Book review:

'The Seaside Gardener' by Richard Mortimer

Published in 1997 by Beeline Books, Alderney

Richard Mortimer is the pen-name of a London medical practitioner who has gardened by the sea for over 30 years. The book is directed at ‘All other gardeners sharing the same battles against wind and usually drought’.

The book starts with a short autobiographical chapter, in which he describes with humour his early experiments with gardening, from sand tray to seaside. The following chapters describe the coastal environment and summarise the problems of wind, salt and sand. He emphasises the importance of choosing plants that are adapted to these conditions. He gives advice on planting, propagating and how to choose windbreak species. The rest of the book – Chapters 8 to 14 – is devoted to the central problem of choosing the right plants: he has chapters on Mediterranean plants, sub- tropical plants, a very long chapter about trees and shrubs, climbers, wall plants and perennials.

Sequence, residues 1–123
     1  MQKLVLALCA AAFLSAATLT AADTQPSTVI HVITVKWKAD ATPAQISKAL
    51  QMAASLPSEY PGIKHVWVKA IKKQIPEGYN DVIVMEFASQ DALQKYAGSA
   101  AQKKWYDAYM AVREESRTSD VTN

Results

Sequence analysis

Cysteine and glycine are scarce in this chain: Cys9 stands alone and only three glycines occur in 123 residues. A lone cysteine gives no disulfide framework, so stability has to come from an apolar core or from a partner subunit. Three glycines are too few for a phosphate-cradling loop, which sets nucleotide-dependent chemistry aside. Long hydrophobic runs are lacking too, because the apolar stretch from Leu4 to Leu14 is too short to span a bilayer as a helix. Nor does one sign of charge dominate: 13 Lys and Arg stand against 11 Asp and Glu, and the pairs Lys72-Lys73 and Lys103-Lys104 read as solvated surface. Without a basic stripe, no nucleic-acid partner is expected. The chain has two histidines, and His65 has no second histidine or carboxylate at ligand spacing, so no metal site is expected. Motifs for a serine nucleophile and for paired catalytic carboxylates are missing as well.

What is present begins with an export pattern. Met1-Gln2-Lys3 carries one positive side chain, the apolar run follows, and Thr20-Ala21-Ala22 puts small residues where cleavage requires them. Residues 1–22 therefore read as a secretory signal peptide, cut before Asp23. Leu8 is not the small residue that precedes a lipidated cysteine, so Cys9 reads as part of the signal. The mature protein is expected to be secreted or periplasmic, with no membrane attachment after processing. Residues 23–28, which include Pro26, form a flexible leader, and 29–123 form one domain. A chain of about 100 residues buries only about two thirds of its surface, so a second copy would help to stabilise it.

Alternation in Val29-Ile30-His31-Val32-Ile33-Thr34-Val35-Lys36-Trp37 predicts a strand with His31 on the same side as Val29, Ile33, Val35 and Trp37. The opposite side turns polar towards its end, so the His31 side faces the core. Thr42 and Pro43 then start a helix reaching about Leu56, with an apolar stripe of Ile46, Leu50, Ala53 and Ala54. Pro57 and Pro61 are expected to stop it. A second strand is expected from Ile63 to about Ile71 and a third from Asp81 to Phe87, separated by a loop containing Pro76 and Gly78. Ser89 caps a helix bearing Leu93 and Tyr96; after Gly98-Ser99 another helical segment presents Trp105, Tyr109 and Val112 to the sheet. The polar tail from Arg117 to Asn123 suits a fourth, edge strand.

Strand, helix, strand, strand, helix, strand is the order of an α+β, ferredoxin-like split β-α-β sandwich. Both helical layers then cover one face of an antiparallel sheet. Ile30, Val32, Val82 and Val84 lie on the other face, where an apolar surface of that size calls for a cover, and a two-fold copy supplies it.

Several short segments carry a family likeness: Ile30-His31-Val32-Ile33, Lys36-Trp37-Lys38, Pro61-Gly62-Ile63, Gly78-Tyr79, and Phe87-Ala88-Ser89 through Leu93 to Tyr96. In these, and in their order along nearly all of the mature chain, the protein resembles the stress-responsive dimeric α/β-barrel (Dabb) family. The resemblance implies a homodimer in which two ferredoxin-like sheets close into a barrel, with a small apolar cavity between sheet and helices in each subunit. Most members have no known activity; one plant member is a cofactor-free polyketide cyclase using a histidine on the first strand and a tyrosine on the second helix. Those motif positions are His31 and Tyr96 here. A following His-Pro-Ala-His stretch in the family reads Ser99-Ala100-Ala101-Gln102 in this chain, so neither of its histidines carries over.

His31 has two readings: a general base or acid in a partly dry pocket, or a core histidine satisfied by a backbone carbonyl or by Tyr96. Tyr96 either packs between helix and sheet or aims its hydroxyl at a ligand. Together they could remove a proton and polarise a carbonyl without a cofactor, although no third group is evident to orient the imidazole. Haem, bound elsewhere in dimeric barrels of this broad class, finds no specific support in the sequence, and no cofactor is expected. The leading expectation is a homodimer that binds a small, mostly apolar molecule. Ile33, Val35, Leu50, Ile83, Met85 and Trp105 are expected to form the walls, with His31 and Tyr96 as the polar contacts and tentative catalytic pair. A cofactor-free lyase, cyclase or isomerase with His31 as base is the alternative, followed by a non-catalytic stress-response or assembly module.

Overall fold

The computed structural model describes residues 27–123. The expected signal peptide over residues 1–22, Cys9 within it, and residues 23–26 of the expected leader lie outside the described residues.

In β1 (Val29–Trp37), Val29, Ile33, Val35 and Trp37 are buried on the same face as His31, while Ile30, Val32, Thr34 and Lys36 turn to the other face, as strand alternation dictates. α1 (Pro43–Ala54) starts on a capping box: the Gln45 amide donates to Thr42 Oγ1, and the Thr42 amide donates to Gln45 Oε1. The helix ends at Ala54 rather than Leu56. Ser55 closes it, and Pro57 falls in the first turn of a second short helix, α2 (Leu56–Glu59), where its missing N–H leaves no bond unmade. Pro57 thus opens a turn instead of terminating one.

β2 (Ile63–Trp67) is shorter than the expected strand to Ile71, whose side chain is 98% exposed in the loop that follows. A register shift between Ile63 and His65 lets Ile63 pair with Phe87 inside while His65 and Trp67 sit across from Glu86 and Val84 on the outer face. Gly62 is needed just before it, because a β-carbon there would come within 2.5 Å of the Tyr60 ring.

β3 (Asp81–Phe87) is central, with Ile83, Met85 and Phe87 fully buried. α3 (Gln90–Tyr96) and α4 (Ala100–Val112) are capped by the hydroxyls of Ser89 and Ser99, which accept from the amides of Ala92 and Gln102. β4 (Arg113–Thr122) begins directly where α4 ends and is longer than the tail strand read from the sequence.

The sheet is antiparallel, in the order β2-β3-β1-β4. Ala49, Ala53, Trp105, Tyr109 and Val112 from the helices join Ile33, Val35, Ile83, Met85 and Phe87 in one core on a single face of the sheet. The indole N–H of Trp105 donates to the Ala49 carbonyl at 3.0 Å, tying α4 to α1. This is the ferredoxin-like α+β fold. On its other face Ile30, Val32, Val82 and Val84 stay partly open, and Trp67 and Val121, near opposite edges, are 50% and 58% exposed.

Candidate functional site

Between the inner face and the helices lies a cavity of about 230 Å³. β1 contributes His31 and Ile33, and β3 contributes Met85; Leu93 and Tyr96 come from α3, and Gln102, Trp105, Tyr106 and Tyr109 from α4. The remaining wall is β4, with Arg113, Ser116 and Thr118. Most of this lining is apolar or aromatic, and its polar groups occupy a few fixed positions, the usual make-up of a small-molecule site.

At the end of the book are appendices filled with information tables – classified shrubs and trees, ground cover, perennials, annuals, grasses. Finally there is a book list. The book is illustrated with four pages of colour photographs and four of black-and-white photographs.

There is a wealth of experience here. My only criticisms are the lack of a full index and the fact that the photographs aren’t all in colour: the book deserves better. Apart from that, I recommend it for its immense knowledge and its delightful style.

Paperback. 260pp. Internet price £11.50.

The Seaside Gardener